Every project or program in our life has challenges like limited resources, short timelines, unforeseen schedule conflicts, ill-defined expectations, or unforeseen conditions.  They’re par for the course and quite frankly, the reason we have work that requires us to be a leader.  One challenge, however, that you do not want to let creep into the picture is the excuse.

Excuses are nasty and guerrilla-like.  They sneak into our language when we say things like “would have”, “should have”, or “but”.  They infiltrate our minds when looking at a tough challenge, like juggling home life with children and working towards a P.E. or masters degree.  They percolate through an organization when an attitude of “good enough” is allowed to take root.  In short, excuses are evil.

There’s no surer way to torpedo progress towards getting things done or achieving success than to allow an excuse to enter the picture.  One has to be on the look out for excuse-creep in their attitude and work.

The best ways to eliminate excuses include:

Standing sentry and not allowing excuses to control thoughts.  Easier said than done.  However, if you have a hard project facing you or you’re preparing to start one, be conscious of your thoughts.  Doing this allows you to catch when self-defeating thoughts of procrastination and doubt begin to knock at the gates.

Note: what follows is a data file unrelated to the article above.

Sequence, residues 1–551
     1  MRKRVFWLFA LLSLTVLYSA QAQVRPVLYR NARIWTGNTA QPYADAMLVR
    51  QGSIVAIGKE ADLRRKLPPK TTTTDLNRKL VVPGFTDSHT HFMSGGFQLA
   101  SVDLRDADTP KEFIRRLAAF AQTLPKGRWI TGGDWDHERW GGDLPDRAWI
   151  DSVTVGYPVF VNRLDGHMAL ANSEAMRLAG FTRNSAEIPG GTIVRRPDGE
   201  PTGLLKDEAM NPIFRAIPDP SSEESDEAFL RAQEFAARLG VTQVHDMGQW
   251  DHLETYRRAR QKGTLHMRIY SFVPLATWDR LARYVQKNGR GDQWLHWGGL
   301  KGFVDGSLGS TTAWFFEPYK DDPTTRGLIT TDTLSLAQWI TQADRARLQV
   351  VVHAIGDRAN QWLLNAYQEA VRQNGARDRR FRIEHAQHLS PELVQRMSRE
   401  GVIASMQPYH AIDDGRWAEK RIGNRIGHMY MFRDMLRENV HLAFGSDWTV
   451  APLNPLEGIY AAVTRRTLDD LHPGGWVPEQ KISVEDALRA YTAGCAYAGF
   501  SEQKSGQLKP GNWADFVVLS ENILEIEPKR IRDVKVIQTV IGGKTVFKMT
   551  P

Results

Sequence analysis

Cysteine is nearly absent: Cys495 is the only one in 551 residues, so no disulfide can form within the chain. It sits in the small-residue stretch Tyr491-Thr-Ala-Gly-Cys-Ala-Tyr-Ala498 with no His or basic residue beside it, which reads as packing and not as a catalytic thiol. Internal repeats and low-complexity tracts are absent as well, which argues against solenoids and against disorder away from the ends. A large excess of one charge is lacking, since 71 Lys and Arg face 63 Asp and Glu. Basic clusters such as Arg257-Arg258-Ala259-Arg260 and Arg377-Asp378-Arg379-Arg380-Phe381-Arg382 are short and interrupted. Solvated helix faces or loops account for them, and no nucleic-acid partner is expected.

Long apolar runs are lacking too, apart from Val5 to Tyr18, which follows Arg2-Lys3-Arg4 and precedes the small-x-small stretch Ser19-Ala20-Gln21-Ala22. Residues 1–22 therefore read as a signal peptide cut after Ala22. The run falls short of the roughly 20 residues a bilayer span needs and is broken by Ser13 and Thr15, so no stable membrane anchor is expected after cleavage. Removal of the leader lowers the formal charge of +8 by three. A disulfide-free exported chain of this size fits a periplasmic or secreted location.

“Not shoulding on themselves or anyone else.”   A great saying that’s a perfect indicator of an excuse that’s about ready to enter the picture.  I first heard the saying in a piece by Tony Robbins and immediately put it to work for a week by monitoring what came out of my mouth.  Amazing how much “should” I was spreading around…both on myself and on others.  Now the word doesn’t exist in my vocabulary.

Sucking-it up and pressing on.  My time in the military gave me the discipline to know when something sucks, accepting it, and pressing on towards completion.  In military-speak, sometimes you have to suck-it up and press-on.  In kinder, gentler terminology this is known as “perseverance”.  One mark of a successful person is one that accepts the challenge and has the intestinal fortitude to persevere to the end.

Starting small, growing big.  If you’re a chronic proliferator of excuses there’s no way you’re going to just stop.  This isn’t an excuse…it’s reality.  Start small and build a habit of identifying and eradicating excuses.  Pick one area in your life or at work where you know you’re using excuses and stop.  Focus on this one element consistently.  Soon, you’ll begin catching your excuse use in other areas.

The key to eradicating excuses is to simply be aware of your excuse indicators.  Mine are thoughts of doubt (will this work?) or thoughts of burden (I’ve got too much on the plate….).

What are your indicators?   Identify them and you will be on the path to getting things done without self-imposed hurdles.

“He that is good for making excuses is seldom good for anything else.”  Benjamin Franklin

 

@Engineering.com

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